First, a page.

work a little longer, right? There’s usually some Frisbee flinging happening on Helmick. If I had any handeye coordination, I would probably be out there, too. Alas, I will leave this one to those of you who can actually gauge the distance between the Frisbee and your hand and successfully catch it. There’s still plenty of time before the madness of finals week sets in to squeeze in some appreciation of spring. Don’t just hunker down in your dorm for the next five weeks or so. I encourage all of you to get out and bask in the gorgeous weather we’ve been having. Chances are that you’ll thank me later if vitamin D does help to increase lifespan.


Hecker is a first-year magazines and writing double major and can be contacted at


• Pastel M&Ms, Starburst jelly beans, Peeps and countless • Why don’t we get time off for Easter? Isn’t that a given other types of candy have invaded our diets. The Easter or something? candy phenomenon is something that we totally approve of. • Campus is possibly the most beautiful place on the planet during the spring. The flowers and trees are blooming • Check out our online edition to see all of the other candicreating a picturesque campus for all of us to frolic in. dates besides the At-Large senators for the general elections. It’s another spring semester, which means anoth- • How many more days until Relays? er round of posters, Facebook invites and social media blasts for us to endure. May the best man or woman win. • Is it just us, or is “Call Me Maybe” the next “Friday”? Maybe. • We love when our computers crash two hours before deadline. It makes us so happy...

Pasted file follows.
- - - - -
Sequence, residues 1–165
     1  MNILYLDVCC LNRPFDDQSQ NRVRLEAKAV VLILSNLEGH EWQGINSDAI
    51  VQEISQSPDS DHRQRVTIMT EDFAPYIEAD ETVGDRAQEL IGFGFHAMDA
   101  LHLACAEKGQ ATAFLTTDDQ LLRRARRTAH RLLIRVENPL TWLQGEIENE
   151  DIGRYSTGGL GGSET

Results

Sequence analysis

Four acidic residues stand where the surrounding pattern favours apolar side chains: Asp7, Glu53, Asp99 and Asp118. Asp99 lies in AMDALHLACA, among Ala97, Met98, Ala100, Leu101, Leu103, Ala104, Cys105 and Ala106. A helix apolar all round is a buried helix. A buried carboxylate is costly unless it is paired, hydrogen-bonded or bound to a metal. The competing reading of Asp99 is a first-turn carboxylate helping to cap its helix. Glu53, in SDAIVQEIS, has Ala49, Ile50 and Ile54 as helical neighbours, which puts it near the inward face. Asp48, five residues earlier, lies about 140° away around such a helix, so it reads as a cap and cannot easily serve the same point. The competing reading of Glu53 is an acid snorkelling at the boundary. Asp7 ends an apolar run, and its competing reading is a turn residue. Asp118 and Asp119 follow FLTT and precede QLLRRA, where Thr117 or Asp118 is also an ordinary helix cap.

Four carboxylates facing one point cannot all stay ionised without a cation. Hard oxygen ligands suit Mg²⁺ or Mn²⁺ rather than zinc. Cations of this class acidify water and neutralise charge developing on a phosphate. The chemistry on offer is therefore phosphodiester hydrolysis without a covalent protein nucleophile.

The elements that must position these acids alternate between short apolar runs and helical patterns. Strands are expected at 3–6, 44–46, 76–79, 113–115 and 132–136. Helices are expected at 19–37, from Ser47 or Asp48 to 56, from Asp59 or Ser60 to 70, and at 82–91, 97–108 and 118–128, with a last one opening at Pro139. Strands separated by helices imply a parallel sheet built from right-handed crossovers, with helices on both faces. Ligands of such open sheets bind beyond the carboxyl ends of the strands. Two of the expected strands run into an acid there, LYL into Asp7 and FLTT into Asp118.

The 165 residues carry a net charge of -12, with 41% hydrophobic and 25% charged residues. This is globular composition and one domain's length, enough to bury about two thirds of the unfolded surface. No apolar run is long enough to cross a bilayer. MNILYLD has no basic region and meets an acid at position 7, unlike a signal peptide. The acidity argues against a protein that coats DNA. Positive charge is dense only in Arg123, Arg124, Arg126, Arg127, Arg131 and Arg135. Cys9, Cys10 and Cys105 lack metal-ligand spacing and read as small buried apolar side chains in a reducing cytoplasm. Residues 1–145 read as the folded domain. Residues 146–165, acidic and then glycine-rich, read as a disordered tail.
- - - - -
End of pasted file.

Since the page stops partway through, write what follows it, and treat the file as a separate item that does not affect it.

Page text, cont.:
JILL VAN WYKE, Faculty Advisor



BENNETT HANSEN, Digital Editor

KATELYN PHILIPP, Multimedia Editor

HILARY DIETZ, Sports Design Editor


TAYLOR SOULE, Photo Editor

KRISTEN SMITH, Relays Editor

MATT MORAN, Copy Editor

SARAH SAGER, Copy Editor

KAILA SWAIN, Business Manager

The Times-Delphic is a student newspaper published semi-weekly during the regular academic year and is produced by undergraduate students at Drake University. The opinions of staff editorials reflect the institutional opinion of the newspaper based on current staff opinions and the newspaper’s traditions. These opinions do not necessarily reflect those of individual employees of the paper, Drake University or members of the student body. All other opinions appearing throughout the paper are those of the author or artist named within the column or cartoon. The newsroom and business office of The Times-Delphic are located in Meredith Hall, Room 124. The TimesDelphic is a member of the Associated Collegiate Press. The editor-in-chief sits on the Board of Student Communications.


The Times-Delphic strives to represent student views as accurately and honestly as possible. We rely on readers to provide us with criticism, comments and new ideas so that we can continue to serve the interests of the students in the fairest possible way. We encourage interested readers to submit letters to the editor. Letters must include the author’s name and phone number. Unsigned letters will not be published. Deadlines for guest submissions are noon Tuesday for the Thursday edition and noon Friday for the Monday edition. The Times-Delphic reserves the right to edit letters and submissions for space and in the interest of taste. Letters and submissions reflect only the opinions of the authors and should be limited to 250 words. Emailed letters can be sent to ADVERTISING POLICY